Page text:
SISTER CARRIE

SISTER CARRIE

3.6 103
by Theodore Dreiser
     
 

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Chapter I

THE MAGNET ATTRACTING: A WIFE AMID FORCES


When Caroline Meeber boarded the afternoon train for Chicago, her total
outfit consisted of a small trunk, a cheap imitation alligator-skin
satchel, a small lunch in a paper box, and a yellow leather snap purse,
containing her ticket, a scrap of paper with her sister's address in

Overview

Chapter I

THE MAGNET ATTRACTING: A WIFE AMID FORCES


When Caroline Meeber boarded the afternoon train for Chicago, her total
outfit consisted of a small trunk, a cheap imitation alligator-skin
satchel, a small lunch in a paper box, and a yellow leather snap purse,
containing her ticket, a scrap of paper with her sister's address in Van
Buren Street, and four dollar in money. It was in August, 1889. She was
eighteen years or age, bright, timid, and full of the illusions of
ignorance and youth. Whatever touch of regret at parting characterized
her given up. A gush of tears at her mother's farewell kiss, mill where
her father worked by the day, a pathetic sigh as the familiar green
environs of the village passed in review and the threads which bound her
so lightly to girlhood and home were irretrievably broken.

To be sure there was always the next station, where one might descend
and return. There was the great city, bound more closely by these very
trains which came up daily. Columbia City was not so very far away, even
once she was in Chicago. What pray, is a few hours a few hundred miles?
She looked at the little slip bearing her sister's address and wondered.
She gazed at the green landscape, now passing in swift review until her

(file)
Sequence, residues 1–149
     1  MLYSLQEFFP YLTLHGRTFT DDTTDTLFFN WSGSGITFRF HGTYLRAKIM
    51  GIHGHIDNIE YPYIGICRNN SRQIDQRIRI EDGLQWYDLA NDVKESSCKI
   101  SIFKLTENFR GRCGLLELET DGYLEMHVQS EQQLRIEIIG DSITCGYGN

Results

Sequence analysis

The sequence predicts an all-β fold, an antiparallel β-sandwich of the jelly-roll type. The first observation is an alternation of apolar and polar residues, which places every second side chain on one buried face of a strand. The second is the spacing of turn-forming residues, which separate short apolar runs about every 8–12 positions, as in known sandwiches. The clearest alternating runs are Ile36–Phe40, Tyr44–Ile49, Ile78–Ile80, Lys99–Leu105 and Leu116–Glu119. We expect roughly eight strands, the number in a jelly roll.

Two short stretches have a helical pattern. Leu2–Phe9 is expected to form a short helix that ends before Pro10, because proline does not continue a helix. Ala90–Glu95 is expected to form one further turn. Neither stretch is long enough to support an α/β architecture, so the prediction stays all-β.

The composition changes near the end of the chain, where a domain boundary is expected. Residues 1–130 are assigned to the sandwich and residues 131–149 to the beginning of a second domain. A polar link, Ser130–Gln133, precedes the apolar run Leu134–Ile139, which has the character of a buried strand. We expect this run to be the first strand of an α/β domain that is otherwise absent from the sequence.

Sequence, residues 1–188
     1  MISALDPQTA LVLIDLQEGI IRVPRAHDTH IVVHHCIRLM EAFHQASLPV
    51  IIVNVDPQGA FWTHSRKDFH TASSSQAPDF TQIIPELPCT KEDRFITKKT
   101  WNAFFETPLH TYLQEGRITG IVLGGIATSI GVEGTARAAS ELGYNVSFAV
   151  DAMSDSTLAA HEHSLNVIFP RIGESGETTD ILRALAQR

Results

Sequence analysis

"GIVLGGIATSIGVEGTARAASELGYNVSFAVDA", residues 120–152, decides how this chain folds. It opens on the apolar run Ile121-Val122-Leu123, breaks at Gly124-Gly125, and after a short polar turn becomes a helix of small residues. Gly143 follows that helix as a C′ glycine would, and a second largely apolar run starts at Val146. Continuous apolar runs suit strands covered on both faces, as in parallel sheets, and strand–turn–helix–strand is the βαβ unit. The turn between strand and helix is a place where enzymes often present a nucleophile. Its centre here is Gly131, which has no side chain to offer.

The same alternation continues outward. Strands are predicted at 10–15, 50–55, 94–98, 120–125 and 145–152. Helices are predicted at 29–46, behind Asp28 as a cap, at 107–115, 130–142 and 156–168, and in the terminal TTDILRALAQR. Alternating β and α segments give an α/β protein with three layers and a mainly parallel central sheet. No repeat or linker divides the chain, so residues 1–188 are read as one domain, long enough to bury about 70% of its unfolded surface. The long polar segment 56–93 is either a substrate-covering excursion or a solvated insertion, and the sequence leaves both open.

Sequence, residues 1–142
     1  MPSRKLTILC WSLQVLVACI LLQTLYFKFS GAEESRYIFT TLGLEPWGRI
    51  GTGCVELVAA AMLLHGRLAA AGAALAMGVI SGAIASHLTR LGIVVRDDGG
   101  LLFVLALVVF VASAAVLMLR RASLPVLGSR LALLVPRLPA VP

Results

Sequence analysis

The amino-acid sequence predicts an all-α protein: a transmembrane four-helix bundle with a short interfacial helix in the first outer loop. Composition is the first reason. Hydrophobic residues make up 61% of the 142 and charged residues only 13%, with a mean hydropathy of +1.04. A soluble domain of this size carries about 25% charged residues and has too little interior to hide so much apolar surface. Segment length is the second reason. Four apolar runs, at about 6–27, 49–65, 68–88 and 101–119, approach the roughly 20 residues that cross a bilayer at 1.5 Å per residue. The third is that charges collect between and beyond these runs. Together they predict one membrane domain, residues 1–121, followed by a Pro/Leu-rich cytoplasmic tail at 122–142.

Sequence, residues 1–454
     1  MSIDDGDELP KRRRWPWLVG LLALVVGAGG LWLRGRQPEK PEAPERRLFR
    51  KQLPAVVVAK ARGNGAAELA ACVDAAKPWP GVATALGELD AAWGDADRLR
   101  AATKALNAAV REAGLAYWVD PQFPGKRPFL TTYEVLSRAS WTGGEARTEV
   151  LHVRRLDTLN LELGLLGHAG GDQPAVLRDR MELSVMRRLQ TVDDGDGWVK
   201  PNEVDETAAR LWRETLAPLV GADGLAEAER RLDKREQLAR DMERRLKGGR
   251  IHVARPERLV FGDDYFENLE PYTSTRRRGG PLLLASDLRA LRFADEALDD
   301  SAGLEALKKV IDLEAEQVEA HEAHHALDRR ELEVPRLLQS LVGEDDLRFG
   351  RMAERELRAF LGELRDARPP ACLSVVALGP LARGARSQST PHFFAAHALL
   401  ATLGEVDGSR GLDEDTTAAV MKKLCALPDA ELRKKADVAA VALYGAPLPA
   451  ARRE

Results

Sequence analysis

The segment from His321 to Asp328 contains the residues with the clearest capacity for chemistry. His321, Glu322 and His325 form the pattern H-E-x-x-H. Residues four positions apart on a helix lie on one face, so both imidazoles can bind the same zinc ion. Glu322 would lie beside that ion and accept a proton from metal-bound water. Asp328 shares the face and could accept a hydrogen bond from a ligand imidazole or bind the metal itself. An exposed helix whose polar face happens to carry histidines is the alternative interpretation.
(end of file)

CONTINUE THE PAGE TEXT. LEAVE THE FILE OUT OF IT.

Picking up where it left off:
swifter thoughts replaced its impression with vague conjectures of what
Chicago might be.

When a girls leaves her home at eighteen, she does one of two things.
Either she falls into saving hands and becomes better, or she rapidly
assumes the cosmopolitan standard of virtue and becomes worse. Of an
intermediate balance, under the circumstances, there is no possibility.
The city has its cunning wiles, no less than the infinitely smaller and
more human tempter. There are large forces which allure with all the
soul fullness of expression possible in the most cultured human. The
gleam of a thousand lights is often as effective as the persuasive light
in a wooing and fascinating eye. Half the undoing of the unsophisticated
and natural mind is accomplished by forces wholly superhuman. A blare of
to the astonished scenes in equivocal terms. Without a counselor at hand
to whisper cautious interpretation what falsehoods may not these things
breathe into the unguarded ear! Unrecognized for what they are, their
beauty, like music, too often relaxes, then wakens, then perverts the
simpler human perceptions.

Caroline, or Sister Carrie, as she had been half affectionately termed
by the family, was possessed of a mind rudimentary in its power of
observation and analysis. Self-interest with her was high, but not
strong. It was nevertheless, her guiding characteristic. Warm with the
fancies of youth, pretty with the insipid prettiness of the formative
period, possessed of a figure promising eventual shapeliness and an eye
alight with certain native intelligence she was a fair example of the
middle American class two generations removed from the emigrant. Books
were beyond her interest knowledge a sealed book. In the intuitive
graces she was still crude. She could scarcely toss her head gracefully.
Her hands were almost ineffectual. The feet, though small were set
flatly. And yet she was interested in her charms, quick to understand
the keener pleasures of life, ambitious to gain in material things. A
half-equipped little knight she was, venturing to reconnoiter the
mysterious city and dreaming wild dreams of some vague, far-off
supremacy, which should make it prey and subject the proper penitent,
groveling at a women's slipper.

"That," said a voice in her ear, "is one of the prettiest little resorts
in Wisconsin."

"Is it?" she answered nervously. The train was just pulling out of